Professor John Oxford, professor of virology at Barts and the Royal London Hospital, said: "You wouldn't catch this from walking past an infected bird. You would have to be touching its beak or plucking its feathers or getting yourself contaminated with droppings. The danger to humans at this stage is virtually zero. The danger for chickens and turkeys in the immediate area will be much higher."
Despite the reassurance, the virus, which was first detected in south-east Asia three years ago, has had a high personal and financial cost: 191 confirmed human cases of the H5N1 strain of the virus have been reported to the World Health Organisation, more than half of which have proved fatal. The authorities in Scotland were keen yesterday to play down the gravity of the arrival of H5N1, amid concerns about damage to tourism and poultry sales.
After meeting poultry farmers, Ross Finnie, the Scottish Executive's Environment and Rural Affairs minister, said: "The poultry producers who were present said they were very pleased with the proportionate nature of the response we have taken to this crisis. They were very confident that by applying these measures they were very hopeful they could contain this outbreak." He defended the decision of Scotland's First Minister, Jack McConnell, to stay in New York for the Tartan Day celebrations. Mr Finnie said: "What we're trying to do here, to borrow an insurance phrase, is, 'Don't turn a drama into a crisis'."
The Department for the Environment, Food and Rural Affairs defended itself over suggestions that officials had reacted too slowly in collecting and testing the dead swan. Scientists suggested yesterday that while the Government took eight days to confirm the dead swan had died of bird flu, the results of tests could come back within hours. Defra said that the tests, among hundreds being done at the laboratory, had been complicated by the swan's decomposition.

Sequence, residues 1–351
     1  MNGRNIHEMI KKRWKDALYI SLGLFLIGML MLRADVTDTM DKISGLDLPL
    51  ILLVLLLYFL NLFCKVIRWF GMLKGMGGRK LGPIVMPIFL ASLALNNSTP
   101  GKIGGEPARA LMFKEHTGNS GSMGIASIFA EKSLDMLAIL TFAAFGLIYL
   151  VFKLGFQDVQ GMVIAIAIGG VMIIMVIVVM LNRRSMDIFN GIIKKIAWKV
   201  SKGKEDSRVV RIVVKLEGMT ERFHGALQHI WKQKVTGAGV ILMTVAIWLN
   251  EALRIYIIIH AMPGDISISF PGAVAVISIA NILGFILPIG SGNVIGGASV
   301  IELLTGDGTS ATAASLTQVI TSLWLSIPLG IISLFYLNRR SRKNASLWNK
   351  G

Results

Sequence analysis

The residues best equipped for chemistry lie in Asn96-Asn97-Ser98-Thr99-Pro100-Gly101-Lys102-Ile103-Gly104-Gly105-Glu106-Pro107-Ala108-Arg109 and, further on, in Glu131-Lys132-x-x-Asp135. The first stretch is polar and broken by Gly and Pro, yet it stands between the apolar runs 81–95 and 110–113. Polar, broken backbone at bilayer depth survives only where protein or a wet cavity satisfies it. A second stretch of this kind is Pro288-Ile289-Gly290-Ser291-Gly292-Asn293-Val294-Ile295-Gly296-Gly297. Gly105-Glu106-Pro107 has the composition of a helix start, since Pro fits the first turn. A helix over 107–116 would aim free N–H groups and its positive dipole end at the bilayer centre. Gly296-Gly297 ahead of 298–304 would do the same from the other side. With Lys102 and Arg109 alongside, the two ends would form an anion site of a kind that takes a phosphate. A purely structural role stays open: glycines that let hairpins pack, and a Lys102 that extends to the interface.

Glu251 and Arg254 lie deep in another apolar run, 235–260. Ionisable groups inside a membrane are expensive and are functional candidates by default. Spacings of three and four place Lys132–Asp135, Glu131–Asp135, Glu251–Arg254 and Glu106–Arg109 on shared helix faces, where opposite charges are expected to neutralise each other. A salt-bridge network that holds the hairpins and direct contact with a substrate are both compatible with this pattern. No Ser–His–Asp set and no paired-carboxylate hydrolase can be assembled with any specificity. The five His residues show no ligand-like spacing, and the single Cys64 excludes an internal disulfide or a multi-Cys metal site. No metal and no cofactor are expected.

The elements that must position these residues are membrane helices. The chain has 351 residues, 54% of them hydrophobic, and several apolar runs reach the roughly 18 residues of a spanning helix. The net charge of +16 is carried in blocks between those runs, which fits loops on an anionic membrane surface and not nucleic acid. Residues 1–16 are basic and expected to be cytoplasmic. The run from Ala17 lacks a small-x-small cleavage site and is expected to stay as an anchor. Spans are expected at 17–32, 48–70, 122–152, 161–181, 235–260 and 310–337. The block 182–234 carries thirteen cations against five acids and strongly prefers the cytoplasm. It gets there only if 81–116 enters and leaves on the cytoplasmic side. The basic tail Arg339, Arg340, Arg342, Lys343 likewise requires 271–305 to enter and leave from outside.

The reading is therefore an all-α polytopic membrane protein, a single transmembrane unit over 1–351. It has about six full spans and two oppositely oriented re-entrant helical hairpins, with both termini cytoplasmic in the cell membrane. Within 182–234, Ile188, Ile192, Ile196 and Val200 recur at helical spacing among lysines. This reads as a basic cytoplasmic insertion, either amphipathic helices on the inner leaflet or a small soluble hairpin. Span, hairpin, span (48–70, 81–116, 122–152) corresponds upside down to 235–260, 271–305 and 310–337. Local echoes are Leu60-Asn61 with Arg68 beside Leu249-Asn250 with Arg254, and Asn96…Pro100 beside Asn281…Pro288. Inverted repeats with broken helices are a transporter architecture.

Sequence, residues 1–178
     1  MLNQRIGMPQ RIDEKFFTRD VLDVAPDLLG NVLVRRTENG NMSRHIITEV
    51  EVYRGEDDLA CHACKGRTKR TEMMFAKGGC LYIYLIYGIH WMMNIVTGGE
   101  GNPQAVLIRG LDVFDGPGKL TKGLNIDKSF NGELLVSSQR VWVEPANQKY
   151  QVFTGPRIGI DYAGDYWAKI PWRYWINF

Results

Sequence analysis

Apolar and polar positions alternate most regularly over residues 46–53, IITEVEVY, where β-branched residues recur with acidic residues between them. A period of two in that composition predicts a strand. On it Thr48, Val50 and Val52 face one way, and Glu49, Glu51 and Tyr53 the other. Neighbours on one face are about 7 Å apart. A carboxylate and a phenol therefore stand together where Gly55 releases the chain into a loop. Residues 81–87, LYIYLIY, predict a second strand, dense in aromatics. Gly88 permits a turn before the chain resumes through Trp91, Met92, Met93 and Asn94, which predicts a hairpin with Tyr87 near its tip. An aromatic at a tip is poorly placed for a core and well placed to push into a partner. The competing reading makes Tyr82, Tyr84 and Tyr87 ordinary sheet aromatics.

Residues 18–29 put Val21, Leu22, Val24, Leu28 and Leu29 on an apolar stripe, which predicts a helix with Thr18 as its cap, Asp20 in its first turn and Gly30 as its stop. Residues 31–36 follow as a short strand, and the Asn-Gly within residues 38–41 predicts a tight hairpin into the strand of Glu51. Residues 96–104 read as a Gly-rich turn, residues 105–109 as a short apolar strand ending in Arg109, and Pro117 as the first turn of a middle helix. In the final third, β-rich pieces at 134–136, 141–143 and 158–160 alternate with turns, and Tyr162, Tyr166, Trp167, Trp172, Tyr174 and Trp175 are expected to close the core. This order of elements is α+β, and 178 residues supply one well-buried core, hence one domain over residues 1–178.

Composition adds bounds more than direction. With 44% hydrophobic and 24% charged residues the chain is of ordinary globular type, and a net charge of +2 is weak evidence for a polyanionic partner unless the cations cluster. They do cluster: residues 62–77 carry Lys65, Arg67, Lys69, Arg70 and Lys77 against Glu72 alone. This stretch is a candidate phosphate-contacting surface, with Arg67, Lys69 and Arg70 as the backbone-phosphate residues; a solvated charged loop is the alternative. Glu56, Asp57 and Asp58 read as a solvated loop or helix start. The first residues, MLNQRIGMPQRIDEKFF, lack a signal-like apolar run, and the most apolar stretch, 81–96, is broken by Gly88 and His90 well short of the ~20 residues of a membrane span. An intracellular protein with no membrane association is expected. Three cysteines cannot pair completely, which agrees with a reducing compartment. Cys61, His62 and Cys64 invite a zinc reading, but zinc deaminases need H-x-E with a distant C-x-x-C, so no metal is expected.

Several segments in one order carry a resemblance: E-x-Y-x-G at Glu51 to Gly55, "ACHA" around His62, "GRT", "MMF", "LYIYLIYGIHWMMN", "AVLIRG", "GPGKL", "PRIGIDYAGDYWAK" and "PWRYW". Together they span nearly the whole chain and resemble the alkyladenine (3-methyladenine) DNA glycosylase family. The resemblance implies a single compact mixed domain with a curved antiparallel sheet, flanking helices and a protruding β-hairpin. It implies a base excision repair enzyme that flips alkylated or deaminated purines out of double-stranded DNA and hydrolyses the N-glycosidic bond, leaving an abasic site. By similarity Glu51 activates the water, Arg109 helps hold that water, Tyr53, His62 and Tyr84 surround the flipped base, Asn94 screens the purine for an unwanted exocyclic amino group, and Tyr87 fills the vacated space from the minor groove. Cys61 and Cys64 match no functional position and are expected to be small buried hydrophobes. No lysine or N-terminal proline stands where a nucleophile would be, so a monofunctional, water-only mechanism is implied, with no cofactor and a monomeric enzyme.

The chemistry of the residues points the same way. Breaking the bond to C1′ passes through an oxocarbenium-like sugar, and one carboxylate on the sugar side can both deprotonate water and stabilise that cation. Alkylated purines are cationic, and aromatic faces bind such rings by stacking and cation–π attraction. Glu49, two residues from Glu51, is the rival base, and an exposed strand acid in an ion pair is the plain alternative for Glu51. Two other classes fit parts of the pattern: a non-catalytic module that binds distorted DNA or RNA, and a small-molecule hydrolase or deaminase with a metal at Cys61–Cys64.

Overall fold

Britain's leading four supermarkets - Tesco, Sainsbury, Asda and Morrisons - reported that the outbreak had little impact on poultry sales so far. A Tesco spokesman said: "Sales of poultry are still strong, so obviously the message is getting through to consumers that this isn't a food safety issue.
"Our staff are very well briefed in answering questions from customers. As far as we are concerned it is business as usual."
At Kew Gardens, west London, there was a heightened level of concern as staff performed daily early-morning patrols to check the health and status of resident and visiting birds. The Royal Edinburgh Zoo, which houses one bird extinct in the wild, the Socorro dove, London Zoo and Whipsnade Wild Animal Park were considering vaccinating their bird collections.
Birds at petting zoos, such as Battersea Park Children's Zoo, where children are able to play with animals, have separated their birds from other animals. Wetland centres, including the London Wetland Centre and Slimbridge in Gloucestershire are swabbing migratory birds and sending them for testing. At the Royal Parks, including Richmond Park and Regent's Park, staff have been told not to touch dead birds without gloves.
A spokesman said that the T in the Park music festival, in Kinross on 9 July, 35 miles from Cellardyke, would go ahead.